On our first day at sea, we sailed directly into the seventy-six-square-kilometer caldera at Santorini to the port of Athinios. Santorini is a circular archipelago of islands, the southernmost in the Cyclades. The islands were formed after a cataclysmic eruption of the Thera Volcano.

After arriving to the shore, we hopped on buses and drove to the northern town of Oía. There we enjoyed scenic views of the white-washed buildings and the bright blue-roofed churches in the island's most popular town. Next, we headed east to the main town of Fira to visit the Museum of Prehistoric Thera, which features artifacts from the archeological site of Akrotiri.

We had lunch on shore at Restaurant Mario, where we enjoyed local Greek favorites and a plethora of the famous Santorini white wine. After lunch, we also visited the archeological site of Akrotiri, a Cycladic Bronze Age settlement that was destroyed and buried in ash by the Theran volcanic eruption — this took place in the 16th century BC, which was 1,700 years before Pompeii. We toured the archaeology museum and walked through the ongoing excavations of this well-preserved Minoan town.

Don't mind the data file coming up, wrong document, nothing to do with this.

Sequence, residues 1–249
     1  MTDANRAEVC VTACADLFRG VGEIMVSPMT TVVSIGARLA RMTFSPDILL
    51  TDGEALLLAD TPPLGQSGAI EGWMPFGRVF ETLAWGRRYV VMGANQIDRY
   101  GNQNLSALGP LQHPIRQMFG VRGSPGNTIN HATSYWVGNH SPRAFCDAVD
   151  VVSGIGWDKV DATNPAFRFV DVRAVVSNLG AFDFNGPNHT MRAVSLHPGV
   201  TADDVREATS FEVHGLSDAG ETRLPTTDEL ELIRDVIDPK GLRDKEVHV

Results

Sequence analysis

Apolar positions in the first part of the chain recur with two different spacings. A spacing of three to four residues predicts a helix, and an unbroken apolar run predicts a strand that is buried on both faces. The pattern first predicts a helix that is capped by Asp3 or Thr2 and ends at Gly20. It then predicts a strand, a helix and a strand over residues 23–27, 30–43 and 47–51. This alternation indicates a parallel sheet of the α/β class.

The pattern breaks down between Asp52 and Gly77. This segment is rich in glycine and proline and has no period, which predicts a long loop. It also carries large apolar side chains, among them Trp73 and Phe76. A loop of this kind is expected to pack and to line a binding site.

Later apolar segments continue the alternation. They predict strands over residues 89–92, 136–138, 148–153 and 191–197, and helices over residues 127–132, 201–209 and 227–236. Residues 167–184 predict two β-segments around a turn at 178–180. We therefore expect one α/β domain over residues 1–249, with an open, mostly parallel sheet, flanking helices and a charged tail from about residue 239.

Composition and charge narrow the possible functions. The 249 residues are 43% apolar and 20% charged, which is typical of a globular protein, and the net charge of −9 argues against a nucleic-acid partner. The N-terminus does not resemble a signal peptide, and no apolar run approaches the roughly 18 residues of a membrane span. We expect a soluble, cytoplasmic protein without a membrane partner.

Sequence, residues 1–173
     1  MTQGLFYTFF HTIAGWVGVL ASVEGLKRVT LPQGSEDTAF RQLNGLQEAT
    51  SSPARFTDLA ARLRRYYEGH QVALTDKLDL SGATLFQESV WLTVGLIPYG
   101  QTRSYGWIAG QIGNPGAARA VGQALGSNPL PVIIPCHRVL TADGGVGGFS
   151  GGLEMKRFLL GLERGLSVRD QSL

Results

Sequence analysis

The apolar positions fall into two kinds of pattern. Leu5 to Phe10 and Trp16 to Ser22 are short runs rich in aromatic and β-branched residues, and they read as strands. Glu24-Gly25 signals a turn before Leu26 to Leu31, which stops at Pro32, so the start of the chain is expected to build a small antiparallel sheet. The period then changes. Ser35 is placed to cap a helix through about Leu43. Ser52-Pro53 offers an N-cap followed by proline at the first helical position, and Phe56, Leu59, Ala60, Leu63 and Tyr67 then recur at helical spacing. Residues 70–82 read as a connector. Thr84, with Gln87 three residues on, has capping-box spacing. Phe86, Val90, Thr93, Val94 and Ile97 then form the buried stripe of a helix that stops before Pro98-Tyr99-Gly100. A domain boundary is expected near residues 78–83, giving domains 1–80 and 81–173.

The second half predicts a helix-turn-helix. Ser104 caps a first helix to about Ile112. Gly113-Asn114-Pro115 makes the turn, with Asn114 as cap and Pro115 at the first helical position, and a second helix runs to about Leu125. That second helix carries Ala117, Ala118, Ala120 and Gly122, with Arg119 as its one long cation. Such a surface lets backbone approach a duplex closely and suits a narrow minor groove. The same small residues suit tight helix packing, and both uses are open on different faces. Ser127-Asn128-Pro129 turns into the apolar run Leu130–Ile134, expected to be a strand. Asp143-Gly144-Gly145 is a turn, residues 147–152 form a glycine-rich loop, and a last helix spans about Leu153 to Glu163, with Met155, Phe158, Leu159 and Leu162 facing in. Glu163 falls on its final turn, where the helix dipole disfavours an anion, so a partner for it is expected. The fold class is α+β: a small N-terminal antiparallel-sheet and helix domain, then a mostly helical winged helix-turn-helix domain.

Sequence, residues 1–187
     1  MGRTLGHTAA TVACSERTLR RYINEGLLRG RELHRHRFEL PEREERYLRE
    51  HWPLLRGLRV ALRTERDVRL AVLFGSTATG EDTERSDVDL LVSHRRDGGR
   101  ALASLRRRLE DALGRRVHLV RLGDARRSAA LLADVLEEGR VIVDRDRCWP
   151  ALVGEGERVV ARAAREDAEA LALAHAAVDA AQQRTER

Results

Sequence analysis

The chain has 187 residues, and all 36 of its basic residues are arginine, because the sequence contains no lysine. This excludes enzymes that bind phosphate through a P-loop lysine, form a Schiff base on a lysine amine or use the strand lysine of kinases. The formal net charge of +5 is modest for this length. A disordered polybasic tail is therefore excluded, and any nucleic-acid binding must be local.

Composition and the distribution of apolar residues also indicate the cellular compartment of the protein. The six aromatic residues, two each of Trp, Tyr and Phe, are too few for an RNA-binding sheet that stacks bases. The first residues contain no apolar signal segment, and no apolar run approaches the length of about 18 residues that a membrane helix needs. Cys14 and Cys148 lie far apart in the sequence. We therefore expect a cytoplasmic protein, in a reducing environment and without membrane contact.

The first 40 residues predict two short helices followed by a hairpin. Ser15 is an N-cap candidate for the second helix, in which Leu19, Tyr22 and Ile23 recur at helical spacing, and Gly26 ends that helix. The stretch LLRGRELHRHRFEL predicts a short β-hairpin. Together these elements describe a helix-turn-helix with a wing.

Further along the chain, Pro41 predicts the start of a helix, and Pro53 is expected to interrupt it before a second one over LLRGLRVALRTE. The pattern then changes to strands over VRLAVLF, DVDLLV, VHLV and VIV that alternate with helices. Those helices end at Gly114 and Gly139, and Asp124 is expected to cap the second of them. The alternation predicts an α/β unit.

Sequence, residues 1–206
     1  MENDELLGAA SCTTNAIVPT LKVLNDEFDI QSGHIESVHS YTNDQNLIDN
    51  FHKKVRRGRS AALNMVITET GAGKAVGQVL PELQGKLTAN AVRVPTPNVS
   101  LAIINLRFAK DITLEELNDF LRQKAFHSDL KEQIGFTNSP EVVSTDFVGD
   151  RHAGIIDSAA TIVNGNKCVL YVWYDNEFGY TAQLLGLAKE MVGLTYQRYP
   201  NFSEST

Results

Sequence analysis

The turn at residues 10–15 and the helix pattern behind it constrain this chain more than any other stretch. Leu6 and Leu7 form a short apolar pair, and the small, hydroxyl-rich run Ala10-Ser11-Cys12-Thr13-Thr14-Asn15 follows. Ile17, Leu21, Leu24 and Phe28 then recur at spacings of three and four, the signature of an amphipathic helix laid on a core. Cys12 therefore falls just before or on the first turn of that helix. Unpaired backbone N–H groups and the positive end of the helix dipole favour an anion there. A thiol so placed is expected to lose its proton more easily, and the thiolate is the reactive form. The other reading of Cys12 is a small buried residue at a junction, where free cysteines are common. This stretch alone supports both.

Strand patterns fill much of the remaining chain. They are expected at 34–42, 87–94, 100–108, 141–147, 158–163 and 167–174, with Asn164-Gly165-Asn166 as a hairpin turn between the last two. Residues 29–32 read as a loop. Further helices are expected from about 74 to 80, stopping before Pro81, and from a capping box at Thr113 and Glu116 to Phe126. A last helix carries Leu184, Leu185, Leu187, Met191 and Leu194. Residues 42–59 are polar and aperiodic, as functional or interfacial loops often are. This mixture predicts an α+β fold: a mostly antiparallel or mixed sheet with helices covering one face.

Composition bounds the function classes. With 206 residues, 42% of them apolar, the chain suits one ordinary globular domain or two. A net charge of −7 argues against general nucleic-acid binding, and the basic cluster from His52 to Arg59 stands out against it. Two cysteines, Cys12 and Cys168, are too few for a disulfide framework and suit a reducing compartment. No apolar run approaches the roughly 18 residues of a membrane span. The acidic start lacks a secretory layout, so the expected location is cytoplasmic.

At 6 p.m., Captain John pulled up the anchor, and we enjoyed a scenic sunset sail through the caldera, passing by the donkey-trail switchbacks at Fira and the cliffs of Oía. The northern side of Oía was filled with hundreds of people watching the sunset as the Sea Cloud sailed by.